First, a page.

>>227207 >>227204 Thanks, I hadn't drawn a pony from that angle before, so I'm glad it came out looking reasonably decent. >Does it violate the NAP to spread those cheeks? Only one way to find out. >>227205 Here it is
>>233875 It appears to be some sort of Political game set up by a dude, with 7 total iterations with varying levels of failure. It doesn't appear to be a factual representation of Leslie, rather it is a player choosing to operate ish in concert with Leslie as an OC in the context of the game (which is based on the real world, which players have to choose a country to operate out of, which leads me to think that Leslie's portrayal is more accurate than I initially recognized, but not without criticism). The page uses Mlpol original images, and the edits about Leslie took place on Apr '18 (just after our 1 year) so the user is probably authentic, if misguided (I get Leslie Fair is based on Laissez Faire, but French Canadian?).
>>233859 >>233875 What the fuck >>233858 No, p*dos would be unwelcome in pretty much any libertarian social order outside of sandnigger shitholes like Saudi Arabia, which will probably never see liberty anyway, at least for as long as Islam is the dominant religion. Any attempts to engage in perverted activities with a child would automatically (and justifiably) be seen as coercive by almost all defense agencies and people, and no one would want to live near or pay a business that would help a kid fiddler, so even if they weren't given a helicopter ride, they'd probably be homeless, foodless, and unprotected. Of course, there might be a few who go uncaught, but that will happen under any system.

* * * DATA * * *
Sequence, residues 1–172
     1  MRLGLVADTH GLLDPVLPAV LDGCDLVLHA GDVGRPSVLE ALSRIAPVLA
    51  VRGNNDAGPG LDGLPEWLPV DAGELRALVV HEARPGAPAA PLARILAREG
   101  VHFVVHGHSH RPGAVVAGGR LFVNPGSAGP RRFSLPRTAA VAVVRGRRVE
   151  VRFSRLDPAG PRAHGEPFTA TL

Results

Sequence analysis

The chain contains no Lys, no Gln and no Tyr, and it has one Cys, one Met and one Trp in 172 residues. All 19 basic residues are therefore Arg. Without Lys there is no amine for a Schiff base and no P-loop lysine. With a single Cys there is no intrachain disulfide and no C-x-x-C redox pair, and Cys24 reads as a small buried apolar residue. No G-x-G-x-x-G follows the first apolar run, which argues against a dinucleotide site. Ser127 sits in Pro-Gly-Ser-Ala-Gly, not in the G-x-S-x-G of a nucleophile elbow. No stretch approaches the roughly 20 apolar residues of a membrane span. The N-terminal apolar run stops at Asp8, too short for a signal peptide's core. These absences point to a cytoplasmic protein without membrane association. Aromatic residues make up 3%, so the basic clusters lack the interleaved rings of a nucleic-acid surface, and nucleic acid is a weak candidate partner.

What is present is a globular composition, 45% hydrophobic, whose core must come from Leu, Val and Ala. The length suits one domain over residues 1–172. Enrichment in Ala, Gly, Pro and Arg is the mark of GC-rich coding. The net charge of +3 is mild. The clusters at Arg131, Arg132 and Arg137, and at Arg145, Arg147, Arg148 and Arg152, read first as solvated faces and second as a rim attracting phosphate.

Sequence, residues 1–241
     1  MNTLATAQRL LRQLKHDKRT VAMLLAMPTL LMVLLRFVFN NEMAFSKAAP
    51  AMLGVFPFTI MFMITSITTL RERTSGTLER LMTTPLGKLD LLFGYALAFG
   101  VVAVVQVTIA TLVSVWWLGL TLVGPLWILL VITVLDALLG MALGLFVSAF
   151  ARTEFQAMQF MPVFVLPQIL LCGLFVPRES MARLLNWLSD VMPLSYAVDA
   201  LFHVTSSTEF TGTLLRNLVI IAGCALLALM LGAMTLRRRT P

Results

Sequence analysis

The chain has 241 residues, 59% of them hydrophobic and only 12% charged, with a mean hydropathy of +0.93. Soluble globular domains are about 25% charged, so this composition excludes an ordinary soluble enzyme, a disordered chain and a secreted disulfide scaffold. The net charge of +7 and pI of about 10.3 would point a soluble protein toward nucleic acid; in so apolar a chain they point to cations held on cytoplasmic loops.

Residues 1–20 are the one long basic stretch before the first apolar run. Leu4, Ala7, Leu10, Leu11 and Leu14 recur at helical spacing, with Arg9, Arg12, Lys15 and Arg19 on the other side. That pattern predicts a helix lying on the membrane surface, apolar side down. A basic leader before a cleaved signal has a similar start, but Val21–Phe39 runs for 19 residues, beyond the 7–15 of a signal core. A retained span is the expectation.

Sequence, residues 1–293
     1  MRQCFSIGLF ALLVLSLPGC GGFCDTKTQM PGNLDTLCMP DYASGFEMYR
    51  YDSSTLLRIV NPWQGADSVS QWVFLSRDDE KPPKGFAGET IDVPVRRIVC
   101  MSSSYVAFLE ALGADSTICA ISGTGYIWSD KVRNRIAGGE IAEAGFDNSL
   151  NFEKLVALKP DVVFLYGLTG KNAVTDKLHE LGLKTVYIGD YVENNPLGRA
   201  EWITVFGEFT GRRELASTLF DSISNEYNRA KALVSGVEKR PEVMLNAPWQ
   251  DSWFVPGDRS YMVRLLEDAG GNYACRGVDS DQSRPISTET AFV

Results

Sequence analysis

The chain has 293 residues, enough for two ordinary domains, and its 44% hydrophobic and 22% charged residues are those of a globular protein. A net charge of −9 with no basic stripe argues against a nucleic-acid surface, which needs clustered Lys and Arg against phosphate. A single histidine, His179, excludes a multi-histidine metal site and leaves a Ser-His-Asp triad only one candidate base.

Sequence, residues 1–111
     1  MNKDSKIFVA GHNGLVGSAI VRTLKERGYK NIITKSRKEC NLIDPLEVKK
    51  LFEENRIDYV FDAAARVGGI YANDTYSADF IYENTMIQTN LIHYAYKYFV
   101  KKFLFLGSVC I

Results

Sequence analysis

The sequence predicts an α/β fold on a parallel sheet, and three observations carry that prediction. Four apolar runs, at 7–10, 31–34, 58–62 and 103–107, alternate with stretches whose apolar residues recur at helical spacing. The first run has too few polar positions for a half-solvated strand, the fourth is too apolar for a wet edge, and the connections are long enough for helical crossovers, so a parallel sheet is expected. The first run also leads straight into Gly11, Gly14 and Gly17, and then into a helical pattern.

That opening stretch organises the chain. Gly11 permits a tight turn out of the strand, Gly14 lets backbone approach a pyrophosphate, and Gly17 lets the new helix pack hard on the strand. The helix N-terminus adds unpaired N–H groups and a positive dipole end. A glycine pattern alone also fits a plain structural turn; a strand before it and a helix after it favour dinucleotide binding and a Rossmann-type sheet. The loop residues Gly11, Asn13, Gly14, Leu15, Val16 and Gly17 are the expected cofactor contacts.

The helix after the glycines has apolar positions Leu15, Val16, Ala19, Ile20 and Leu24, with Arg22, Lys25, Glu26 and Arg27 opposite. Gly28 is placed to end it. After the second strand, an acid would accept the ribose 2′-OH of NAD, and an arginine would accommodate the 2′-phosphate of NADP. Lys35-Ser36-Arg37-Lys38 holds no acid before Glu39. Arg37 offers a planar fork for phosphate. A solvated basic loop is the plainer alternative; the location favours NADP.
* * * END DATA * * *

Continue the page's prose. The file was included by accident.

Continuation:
https://austrolibertarian.com/murray-rothbard-versus-the-koch-libertarians/ Here's an article concisely explaining the reason why groups like the "Libertarian" Party and Cato are egalitarian-sympathizing moderate fags in contrast with the diehard, unapologetically unegalitarian views expressed at the Mises Institute, the Property & Freedom Society, lewrockwell.com and so on.